MIDAS Webinar: Towards Modeling Infectious Behaviors

November 19, 2021


November 19, 2021


The MIDAS Webinar Series features research by MIDAS members, and is open to the public. 

Date: Friday, November 19th
Time: 1:00pm – 2:00pm Eastern (USA) **Note special start time of 1:00pm! **

Topic: Towards Modeling Infectious Behaviors 

Speakers: Raffaele Vardavas and Pedro Nascimento de Lima, RAND Corporation 

Abstract: Changes in behaviors are often acknowledged as a major source of uncertainty in infectious disease modeling work, and there is an increasing interest and need for simulation models of infectious diseases that couple transmission dynamics with adaptive behaviors. Such models could reflect how policies affect behaviors (in both desirable and undesirable ways) concerning subsequent disease epidemiology. This talk presents our path towards tackling behavior (and its inherent uncertainty) in our modeling work. We begin by introducing our COVID-19 model and analysis and explain how we accounted for some behavioral mechanisms in our stress-test of COVID-19 reopening policies. We then describe our prior efforts in developing and informing an ABM to model seasonal influenza vaccination dynamics whereby individuals are influenced by alters in their social network and use inductive reasoning to update their propensity to vaccinate. We will also present publicly available longitudinal surveys that we have designed and fielded through RAND’s American Life Panel for the purpose of informing our models. Finally, we discuss our project that will extend this framework for COVID-19 and collect behavioral data on a representative US sample for the next four years. If you are an infectious disease modeler and are interested in the idea of modeling infectious behaviors, please join this talk, and give us feedback! Your feedback may inform how we design future surveys and could result in exciting collaborations.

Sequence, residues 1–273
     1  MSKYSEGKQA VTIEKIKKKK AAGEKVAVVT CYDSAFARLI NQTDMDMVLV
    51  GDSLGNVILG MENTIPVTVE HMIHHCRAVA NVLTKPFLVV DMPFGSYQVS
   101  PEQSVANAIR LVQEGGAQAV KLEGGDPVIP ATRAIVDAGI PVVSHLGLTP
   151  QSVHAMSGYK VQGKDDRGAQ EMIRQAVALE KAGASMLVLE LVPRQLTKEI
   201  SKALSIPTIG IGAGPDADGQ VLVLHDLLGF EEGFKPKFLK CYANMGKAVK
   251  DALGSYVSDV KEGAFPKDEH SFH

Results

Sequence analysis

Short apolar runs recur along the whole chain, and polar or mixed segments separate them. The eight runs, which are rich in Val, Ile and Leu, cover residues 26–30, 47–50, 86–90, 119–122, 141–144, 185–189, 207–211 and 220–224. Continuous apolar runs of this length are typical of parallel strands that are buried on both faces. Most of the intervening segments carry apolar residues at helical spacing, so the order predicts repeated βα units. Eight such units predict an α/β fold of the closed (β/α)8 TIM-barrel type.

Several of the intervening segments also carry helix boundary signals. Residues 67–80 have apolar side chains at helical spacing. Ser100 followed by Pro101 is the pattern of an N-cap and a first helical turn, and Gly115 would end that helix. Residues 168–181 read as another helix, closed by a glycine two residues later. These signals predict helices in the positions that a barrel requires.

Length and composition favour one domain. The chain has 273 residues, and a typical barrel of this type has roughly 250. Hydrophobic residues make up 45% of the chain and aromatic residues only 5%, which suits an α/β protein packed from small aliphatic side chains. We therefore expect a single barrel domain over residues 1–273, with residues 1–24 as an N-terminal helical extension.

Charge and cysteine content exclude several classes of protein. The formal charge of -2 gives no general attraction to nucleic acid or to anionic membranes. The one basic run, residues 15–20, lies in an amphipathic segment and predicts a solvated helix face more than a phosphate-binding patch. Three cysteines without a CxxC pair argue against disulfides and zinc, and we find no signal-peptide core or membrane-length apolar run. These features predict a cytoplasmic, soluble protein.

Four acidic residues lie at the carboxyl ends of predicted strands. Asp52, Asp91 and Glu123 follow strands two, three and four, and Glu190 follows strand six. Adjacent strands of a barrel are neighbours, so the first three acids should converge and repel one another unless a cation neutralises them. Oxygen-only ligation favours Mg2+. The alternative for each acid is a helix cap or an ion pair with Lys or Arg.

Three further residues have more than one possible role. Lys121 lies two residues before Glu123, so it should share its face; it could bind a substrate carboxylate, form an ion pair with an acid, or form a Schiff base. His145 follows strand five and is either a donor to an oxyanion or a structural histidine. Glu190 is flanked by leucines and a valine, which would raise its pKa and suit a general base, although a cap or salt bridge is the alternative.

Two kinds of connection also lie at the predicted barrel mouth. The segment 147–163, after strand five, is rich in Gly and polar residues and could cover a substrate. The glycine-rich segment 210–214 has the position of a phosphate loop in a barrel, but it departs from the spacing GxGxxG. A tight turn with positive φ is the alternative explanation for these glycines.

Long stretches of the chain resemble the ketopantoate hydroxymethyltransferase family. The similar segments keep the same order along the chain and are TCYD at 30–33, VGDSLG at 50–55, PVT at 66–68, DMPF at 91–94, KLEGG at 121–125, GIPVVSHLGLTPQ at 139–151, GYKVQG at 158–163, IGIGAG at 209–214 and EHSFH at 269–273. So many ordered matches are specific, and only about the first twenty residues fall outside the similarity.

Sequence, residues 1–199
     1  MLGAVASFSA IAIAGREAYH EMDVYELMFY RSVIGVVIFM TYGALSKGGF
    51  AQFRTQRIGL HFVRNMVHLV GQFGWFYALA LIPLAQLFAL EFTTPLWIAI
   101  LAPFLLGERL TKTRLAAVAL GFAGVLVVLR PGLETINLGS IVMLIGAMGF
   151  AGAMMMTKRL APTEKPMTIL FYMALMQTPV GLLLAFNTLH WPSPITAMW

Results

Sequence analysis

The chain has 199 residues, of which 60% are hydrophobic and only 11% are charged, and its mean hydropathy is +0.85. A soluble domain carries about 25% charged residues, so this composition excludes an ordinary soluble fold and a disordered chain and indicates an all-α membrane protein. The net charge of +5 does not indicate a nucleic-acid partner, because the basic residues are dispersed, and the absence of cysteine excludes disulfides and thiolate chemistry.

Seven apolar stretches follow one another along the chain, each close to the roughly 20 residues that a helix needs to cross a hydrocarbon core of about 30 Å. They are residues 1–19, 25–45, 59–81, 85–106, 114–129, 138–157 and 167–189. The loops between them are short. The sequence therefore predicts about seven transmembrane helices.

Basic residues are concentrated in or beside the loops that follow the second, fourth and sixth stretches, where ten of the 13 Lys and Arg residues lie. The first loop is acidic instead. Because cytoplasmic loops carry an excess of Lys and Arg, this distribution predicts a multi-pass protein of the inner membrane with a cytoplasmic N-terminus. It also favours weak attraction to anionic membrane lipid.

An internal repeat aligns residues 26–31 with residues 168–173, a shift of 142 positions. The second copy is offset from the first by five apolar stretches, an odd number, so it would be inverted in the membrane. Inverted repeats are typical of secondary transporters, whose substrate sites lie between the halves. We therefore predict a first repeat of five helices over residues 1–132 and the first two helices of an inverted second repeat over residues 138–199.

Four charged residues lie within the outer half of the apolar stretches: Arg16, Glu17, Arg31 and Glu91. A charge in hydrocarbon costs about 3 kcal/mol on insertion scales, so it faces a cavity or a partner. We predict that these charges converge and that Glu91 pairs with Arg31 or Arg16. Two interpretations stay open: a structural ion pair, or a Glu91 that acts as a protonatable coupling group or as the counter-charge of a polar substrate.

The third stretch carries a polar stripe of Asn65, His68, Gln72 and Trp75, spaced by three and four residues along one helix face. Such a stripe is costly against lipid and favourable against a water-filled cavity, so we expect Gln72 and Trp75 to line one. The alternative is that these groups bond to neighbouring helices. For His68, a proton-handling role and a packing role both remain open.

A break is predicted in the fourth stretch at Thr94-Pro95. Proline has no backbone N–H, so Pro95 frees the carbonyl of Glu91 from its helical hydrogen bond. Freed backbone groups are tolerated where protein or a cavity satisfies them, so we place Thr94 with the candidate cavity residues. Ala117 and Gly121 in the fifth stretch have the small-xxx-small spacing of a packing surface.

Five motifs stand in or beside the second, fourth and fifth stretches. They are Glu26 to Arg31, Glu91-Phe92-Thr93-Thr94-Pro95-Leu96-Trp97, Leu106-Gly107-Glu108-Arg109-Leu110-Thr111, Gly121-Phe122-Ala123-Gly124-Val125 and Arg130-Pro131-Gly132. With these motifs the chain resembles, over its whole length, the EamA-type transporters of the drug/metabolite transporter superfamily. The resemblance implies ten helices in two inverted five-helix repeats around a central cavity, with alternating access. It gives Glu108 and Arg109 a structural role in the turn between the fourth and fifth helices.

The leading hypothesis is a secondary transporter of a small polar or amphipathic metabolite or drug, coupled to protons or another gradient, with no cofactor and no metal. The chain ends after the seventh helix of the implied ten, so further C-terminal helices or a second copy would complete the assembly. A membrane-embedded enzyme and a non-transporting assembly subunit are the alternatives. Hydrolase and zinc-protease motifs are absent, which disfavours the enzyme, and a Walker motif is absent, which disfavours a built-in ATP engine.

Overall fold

Raffaele Vardavas is a mathematician at the RAND Corporation. His interest lies in applying methods from statistical physics to models of complex social systems and policy.  His main area of research focuses on modeling the spread of infectious disease and behavioral contagion in social systems using both population-based and agent-based models. He holds a Ph.D. in Physics from Imperial College London obtained in 2002. Before joining RAND in 2008, he was a post-doctoral researcher at UCLA in applied mathematics and later in the biomathematics departments. 

Pedro Nascimento de Lima is an assistant policy researcher at RAND, a Ph.D. candidate at the Pardee RAND Graduate School, and a Visiting Student at Argonne National Laboratory. He is also a member of the MIDAS Student group. His primary research interests are the health policy applications of Decision Making Under Deep Uncertainty (DMDU) methods. He is passionate about tackling complex and deeply uncertain policy questions with modeling and high-performance computing. 



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